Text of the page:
Ferguson officials are familiar with Greenwood and Streicher. The City Council interviewed the pair several months ago about representing Ferguson in negotiations with the Justice Department.

“They were not interested in fixing their problems,” Greenwood said. “They were interested in arguing about their problems.”

The city instead retained Dan K. Webb, a former U.S. Attorney from Chicago, now a defense lawyer specializing in white-collar crime.

The decision, some said, indicated the city intended to fight the Justice Department, not partner with it. After he watched Ferguson take the latest defiant step, Greenwood said: “I’m glad they didn’t hire us.”

A key player

When the City Council voted to revise the consent-decree proposal this month, some members said they hoped the Justice Department would return to the negotiating table.

But if that was the case, it may have been the most spectacular miscalculation of all.

The Justice Department sued Ferguson the next day.

Immediately, questions about the figures provided by Blume surfaced on the most visible of stages: a news conference at which U.S. Attorney General Attorney Lorretta Lynch announced the litigation.

Lynch declined to speculate on the city’s cost estimates. But she noted that they “did change.”

Over a 10-day period, the city’s estimates went from $800,000 in a New York Times article to $1.5 million at the city’s first public hearing on the agreement to its most recent projection of up to $3.7 million.

For the past year, the finance director had largely remained in the background, despite being mentioned 19 times in a 105-page Justice Department report published in March.

The report depicts the unidentified “finance director” as working in concert with the police department to ensure that the city’s court provided a steady stream of revenue — frequently at the expense of African-Americans.

According to the report, the finance director wrote to the police chief in a 2010 email: “unless ticket writing ramps up significantly before the end of the year, it will be hard to significantly raise collections next year. What are your thoughts?”

Three years later, another email from the finance director stated: “Court fees are anticipated to rise about 7.5%. I did ask the Chief if he thought the PD could deliver 10% increase. He indicated they could try.”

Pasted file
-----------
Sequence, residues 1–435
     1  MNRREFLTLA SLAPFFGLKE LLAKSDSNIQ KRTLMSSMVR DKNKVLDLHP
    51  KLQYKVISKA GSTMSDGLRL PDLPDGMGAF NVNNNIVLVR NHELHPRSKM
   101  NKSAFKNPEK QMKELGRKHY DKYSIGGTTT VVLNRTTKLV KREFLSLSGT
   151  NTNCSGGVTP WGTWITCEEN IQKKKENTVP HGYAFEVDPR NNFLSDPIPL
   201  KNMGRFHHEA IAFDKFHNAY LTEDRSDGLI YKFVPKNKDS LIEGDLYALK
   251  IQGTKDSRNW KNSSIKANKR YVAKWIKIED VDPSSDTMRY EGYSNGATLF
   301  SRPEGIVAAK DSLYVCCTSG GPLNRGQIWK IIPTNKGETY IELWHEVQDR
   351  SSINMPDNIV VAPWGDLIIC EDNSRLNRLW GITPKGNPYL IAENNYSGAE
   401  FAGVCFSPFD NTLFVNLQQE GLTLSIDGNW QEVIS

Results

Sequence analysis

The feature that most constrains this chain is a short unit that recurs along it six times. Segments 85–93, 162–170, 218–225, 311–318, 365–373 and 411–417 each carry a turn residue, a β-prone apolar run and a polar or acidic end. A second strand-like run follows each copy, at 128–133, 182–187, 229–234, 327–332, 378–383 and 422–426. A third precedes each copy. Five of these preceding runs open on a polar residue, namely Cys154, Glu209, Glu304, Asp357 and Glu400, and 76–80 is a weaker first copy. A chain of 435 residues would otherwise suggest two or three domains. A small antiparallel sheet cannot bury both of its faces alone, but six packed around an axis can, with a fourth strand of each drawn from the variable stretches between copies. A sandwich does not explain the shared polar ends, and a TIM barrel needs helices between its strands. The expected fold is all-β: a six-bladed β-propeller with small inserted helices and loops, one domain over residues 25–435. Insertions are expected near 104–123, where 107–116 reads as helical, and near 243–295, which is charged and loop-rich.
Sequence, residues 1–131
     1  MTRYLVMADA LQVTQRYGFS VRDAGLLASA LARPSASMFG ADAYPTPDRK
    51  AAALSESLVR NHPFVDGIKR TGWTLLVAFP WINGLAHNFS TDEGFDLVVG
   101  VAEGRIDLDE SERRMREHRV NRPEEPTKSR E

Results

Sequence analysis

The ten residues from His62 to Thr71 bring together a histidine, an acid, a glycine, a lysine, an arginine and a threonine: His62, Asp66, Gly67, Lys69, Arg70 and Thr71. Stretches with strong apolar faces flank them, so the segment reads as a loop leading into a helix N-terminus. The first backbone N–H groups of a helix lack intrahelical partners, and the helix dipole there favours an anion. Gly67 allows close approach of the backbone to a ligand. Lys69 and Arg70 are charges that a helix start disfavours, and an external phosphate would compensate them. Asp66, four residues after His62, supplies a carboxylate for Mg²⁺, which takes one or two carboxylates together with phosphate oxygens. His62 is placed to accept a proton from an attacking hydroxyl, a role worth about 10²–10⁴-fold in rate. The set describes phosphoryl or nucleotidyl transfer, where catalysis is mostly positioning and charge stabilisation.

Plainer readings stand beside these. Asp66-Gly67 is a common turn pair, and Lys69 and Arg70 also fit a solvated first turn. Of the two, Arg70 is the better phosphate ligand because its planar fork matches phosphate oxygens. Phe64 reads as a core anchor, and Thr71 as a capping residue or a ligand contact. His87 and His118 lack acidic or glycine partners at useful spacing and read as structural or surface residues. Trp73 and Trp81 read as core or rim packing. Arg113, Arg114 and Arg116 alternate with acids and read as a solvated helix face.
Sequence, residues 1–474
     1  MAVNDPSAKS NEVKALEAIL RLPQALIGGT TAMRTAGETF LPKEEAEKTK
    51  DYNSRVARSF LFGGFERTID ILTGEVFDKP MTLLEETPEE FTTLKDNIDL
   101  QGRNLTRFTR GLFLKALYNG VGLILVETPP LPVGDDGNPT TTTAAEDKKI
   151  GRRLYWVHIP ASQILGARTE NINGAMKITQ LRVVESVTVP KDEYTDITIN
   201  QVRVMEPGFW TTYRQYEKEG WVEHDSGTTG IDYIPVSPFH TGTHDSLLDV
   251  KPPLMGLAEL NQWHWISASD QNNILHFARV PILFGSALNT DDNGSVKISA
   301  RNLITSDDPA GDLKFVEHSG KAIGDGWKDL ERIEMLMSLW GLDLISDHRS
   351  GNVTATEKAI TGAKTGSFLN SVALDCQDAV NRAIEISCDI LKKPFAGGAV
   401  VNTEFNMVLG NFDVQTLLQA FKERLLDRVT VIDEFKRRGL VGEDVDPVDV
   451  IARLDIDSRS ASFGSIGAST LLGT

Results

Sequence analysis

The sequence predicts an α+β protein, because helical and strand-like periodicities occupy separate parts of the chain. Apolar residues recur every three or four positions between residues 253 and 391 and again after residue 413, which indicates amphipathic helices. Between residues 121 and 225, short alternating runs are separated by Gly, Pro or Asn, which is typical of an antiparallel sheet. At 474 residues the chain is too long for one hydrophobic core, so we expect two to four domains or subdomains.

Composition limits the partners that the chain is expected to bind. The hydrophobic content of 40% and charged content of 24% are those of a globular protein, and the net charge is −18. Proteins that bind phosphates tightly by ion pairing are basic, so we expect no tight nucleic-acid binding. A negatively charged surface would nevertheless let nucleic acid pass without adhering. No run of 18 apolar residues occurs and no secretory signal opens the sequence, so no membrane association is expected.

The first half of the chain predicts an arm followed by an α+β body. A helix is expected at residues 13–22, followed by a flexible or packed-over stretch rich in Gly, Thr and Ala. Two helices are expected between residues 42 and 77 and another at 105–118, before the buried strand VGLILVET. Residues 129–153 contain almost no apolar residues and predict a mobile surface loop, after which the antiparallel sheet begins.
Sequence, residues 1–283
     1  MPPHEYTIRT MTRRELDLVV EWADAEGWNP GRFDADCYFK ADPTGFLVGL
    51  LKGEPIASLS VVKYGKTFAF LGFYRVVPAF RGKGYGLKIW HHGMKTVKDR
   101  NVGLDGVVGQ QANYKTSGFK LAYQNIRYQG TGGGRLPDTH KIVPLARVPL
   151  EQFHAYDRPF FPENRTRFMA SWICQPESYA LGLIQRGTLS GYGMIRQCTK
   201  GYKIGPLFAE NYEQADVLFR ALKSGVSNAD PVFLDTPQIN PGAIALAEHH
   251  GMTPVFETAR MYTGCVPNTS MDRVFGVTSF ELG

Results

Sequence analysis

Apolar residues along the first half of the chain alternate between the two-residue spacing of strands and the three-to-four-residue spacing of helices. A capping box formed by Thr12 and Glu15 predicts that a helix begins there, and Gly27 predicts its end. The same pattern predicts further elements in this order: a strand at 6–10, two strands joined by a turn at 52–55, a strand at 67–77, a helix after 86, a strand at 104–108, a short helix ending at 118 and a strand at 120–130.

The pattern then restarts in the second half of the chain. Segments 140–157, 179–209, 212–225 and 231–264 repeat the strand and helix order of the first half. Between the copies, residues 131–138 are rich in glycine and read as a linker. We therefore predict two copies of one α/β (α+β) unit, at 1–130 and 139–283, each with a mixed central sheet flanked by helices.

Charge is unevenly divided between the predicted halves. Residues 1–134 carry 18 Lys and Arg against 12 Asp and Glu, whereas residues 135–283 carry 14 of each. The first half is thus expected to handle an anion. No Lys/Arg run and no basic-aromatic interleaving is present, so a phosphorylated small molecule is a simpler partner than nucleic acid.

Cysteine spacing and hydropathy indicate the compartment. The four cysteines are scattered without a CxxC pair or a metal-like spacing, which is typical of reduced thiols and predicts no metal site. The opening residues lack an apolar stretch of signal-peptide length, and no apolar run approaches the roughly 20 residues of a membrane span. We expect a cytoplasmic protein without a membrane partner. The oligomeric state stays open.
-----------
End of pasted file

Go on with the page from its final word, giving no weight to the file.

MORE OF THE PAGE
One passage in the Justice Department report may have been less than accurate.

It says that in 2011 the finance director issued a directive ensuring that bond refunds could be issued only through the mail, not to defendants in person. The report references a statement from another city official saying that “it is not entirely uncommon for these refund checks to be returned as undeliverable and become ‘unclaimed property.’ ”

City officials say that policy came from a former policy chief in 2003 — five years before Ferguson hired Blume.

The city said it was indeed uncommon for the checks to be returned. Only two have come back to the city since 2013. And Ferguson does not keep “unclaimed property,” but sends it to the Missouri state Treasurer’s Office in the defendant’s name, a statement said.

Ferguson declined to make Blume available for an interview.

In the days that followed the council’s decision, Knowles repeatedly invoked the estimates Blume presented as evidence that fighting in court was less expensive than abiding by the decree.

But Knowles’ calculation ignored yet another important variable — the possibility of defeat.

Conditions for the acceptance of the Ferguson consent decree

The Ferguson City Council placed these seven conditions on the city's acceptance of the consent decree with the U.S. Department of Justice:

• The agreement contain no mandate for the payment of additional salary to police department or other city employees.

• The agreement contain no mandate for staffing in the Ferguson Jail.

• Deadlines set forth in the agreement are extended.

 • The terms of the agreement shall not apply to other governmental entities or agencies which may, in the future, take over services or operations currently being provided by the city of Ferguson.

• A provision for local preference in contracting with consultants, contractors and third parties providing services under the agreement shall be included.

• Project goals for minority and women participation in consulting, oversight and third-party services shall be included.

• The monitoring fee caps in the Side Agreement are changed to $1 million over the first five years with no more than $250,000 in any single year.